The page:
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Re: Sorting file names randomly

On Jul 24,  9:39am, DervishD wrote:
} >       for ((i=1; i <= $#; ++i)) { reply[i*RANDOM/32768+1]+=($argv[i]) }
}     Why is it better than my function?

It's shorter (which is one of the things you asked for), and it only
does array processing rather than building up and tearing down strings.

} Maybe this is faster than doing the '(e' thing?

More on this below.

} >       for ((i=1; i <= $#; ++i)) { h[$i.$RANDOM]=$argv[i] }
}     I understand this one better ;) That's another solution I thought
} of, but I assumed that if I used associative arrays, the order of
} elements would be the order in which they were inserted (which is
} not, I've discovered right now).
}     Anyway, the ordering of elements in an associative array is not
} very random if $RANDOM is not included in the key, and I don't
} understand it :?? How are associative arrays elements sorted?

Are you familiar with the concept of hash tables?  That's how nearly
all languages that have associative arrays, implement them, and in
many cases (e.g. Perl) they're even called "hashes" by the language.

You can think of the elements as being ordered by a set of numbers
computed by applying a simple algorithm to the ascii values of the
characters in the key strings.  It's actually a bit more complex than
that, but close enough.

On Jul 24, 10:37am, DervishD wrote:
}     How about this?:

Well ...

} function shuffle () {
}     setopt nullglob globdots rcexpandparam
}     reply=()
}     reply=($*)

Don't you mean $~* there?  Otherwise you have the problem with
multiple directories that you alluded to once before.

}     reply=($reply(e:'REPLY="${(l.5..0.)RANDOM} $REPLY"':))

This is wasteful in a number of ways.

First, the (l.5..0.) is just left-zero-padding $RANDOM, so rather than
force the shell parse that and work out what to do once for every file
name, it would be better to declare "local +h -Z 5 RANDOM" as I did.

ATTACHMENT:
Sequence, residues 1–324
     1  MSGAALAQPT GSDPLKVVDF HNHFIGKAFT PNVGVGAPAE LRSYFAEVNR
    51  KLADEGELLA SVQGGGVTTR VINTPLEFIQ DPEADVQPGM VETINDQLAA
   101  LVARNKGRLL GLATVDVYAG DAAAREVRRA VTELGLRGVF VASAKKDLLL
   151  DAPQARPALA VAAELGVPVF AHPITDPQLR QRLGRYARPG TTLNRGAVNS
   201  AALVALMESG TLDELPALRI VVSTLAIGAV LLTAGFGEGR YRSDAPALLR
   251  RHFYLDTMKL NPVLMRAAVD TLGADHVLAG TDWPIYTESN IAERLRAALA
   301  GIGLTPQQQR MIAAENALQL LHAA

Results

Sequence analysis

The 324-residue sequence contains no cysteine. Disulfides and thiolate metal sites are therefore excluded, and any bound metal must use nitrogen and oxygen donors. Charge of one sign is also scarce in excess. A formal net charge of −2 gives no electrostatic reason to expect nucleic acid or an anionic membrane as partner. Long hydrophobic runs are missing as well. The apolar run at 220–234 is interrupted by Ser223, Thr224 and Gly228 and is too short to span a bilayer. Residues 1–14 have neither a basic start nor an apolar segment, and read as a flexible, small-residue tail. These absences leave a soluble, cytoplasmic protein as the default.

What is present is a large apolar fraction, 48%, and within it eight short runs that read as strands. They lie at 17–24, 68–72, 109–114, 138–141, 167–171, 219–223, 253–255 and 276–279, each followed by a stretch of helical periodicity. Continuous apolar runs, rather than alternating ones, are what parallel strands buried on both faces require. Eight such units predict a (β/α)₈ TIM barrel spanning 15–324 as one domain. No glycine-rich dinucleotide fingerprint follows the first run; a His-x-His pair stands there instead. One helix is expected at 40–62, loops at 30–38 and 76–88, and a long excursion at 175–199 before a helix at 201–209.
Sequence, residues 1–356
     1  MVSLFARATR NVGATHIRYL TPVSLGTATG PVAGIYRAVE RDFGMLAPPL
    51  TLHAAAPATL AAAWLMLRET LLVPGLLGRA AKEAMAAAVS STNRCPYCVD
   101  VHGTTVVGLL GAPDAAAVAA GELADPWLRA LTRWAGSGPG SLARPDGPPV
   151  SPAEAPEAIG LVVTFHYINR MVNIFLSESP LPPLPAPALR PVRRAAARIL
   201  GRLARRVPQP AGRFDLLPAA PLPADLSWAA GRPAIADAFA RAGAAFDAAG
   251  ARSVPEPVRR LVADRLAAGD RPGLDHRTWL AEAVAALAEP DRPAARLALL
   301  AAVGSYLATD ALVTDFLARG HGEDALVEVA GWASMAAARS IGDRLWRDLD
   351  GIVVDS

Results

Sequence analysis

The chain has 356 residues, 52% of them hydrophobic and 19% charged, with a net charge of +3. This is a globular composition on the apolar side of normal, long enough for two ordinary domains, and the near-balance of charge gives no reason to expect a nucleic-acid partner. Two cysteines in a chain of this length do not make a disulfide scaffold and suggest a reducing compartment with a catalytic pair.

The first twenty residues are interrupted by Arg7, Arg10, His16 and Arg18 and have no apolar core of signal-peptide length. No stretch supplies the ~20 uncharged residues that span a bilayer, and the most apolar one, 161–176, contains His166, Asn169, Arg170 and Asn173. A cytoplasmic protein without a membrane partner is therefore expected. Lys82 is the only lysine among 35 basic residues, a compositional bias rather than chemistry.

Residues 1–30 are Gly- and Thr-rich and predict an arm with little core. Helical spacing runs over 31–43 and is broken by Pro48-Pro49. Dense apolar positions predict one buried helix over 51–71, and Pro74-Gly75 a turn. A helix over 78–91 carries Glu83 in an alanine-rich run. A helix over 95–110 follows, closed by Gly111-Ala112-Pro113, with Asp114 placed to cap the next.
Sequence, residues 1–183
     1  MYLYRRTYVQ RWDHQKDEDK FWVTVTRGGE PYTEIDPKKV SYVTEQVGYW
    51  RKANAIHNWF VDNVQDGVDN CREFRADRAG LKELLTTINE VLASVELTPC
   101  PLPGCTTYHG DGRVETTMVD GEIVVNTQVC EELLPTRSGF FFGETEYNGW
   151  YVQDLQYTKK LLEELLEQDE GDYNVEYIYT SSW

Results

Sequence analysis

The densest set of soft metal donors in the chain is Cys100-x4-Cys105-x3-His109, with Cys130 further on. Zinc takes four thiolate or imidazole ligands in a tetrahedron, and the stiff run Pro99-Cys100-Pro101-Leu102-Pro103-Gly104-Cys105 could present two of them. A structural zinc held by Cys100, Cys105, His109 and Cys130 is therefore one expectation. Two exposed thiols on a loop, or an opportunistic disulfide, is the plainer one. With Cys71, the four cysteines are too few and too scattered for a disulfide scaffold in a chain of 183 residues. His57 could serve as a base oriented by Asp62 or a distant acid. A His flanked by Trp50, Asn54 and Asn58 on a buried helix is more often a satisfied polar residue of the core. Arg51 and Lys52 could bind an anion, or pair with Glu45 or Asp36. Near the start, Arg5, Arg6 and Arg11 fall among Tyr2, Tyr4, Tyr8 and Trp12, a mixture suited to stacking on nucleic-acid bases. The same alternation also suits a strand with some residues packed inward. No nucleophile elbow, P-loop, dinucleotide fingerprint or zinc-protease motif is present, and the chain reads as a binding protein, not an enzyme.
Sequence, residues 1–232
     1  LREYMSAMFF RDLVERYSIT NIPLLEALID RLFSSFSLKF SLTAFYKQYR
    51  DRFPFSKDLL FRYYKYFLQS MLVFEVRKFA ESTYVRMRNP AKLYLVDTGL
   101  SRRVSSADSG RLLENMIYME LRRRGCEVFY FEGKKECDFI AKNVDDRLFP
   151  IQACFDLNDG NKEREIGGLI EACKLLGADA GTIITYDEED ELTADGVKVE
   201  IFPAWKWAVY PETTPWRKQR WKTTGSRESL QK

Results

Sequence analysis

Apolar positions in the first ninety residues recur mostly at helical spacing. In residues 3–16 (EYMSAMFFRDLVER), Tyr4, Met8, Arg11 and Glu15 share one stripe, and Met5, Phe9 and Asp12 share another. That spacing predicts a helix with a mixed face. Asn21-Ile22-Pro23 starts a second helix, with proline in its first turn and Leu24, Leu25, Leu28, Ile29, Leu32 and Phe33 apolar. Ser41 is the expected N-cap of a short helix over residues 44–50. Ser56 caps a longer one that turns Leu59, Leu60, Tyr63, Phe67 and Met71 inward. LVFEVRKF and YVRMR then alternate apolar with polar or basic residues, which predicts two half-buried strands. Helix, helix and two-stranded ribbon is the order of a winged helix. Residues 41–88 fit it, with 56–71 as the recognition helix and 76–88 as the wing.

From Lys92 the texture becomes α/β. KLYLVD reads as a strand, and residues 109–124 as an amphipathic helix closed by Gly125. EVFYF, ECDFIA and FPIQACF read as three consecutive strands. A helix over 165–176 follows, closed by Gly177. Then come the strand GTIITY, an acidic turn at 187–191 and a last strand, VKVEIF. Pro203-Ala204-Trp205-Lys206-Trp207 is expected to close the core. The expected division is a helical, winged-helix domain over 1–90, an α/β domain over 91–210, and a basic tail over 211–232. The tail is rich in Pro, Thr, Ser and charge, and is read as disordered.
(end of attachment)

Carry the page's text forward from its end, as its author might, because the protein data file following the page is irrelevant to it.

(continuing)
(Just remember to seed RANDOM when making it local.)

Second, by using a glob qualifier, you're forcing the shell to stat()
every file name second time, after it has already been done once when
reply=($~*) is assigned [assuming $~* is what you meant].

Third, you're doing string concatenation, adding six bytes for each
file name.  If you're worried about exceeding argument limits, you
ought to be worried about how much extra memory that eats.

Fourth, you've eventually got to do this ...

}     reply=(${reply/#????? /})

... which has to copy every string in order to pattern-match it and
chop it up before assigning it back again, so you're roughly doubling
the memory needed right there, possibly as much as tripling it if I
recall correctly how array assignments are performed.

My hash solution isn't very much less memory intensive (if you skipped
the final assignment to the reply array and just printed the values it
would be better); but the += version is about as small a footprint as
you're going to get, because inserting array slices only copies the new
elements being inserted (everything else is moving of pointers to the
existing elements).

}     print -l $reply
}     return 0

Unless you expect "print" to fail, the "return 0" is redundant.

}     It does the globbing outside, and shuffles correctly. Any way of
} making the 'reply' assignments shorter?

You can eliminate the glob qualifier by using the "eval" trick I posted
on a different thread (placement of quotes and spaces is important):

eval 'reply=(' '$RANDOM '${(q)reply} ')'

However, you can't do fewer than three assignments.

On Jul 24, 10:40am, DervishD wrote:
} >     reply=($*)
} >     reply=($reply(e:'REPLY="${(l.5..0.)RANDOM} $REPLY"':))
} >     reply=(${(o)reply})
}     How could I avoid doing this? I cannot put the 'o' in the
} assignment above this one because it doesn't work, it seems to sort
} *before* applying the 'e' glob modifier).

Obviously the glob applies after any sorting in that second assignment.
The glob qualifier is being applied to the strings that *result* from
the parameter expansion; that's why you need the rcexpandparam option.

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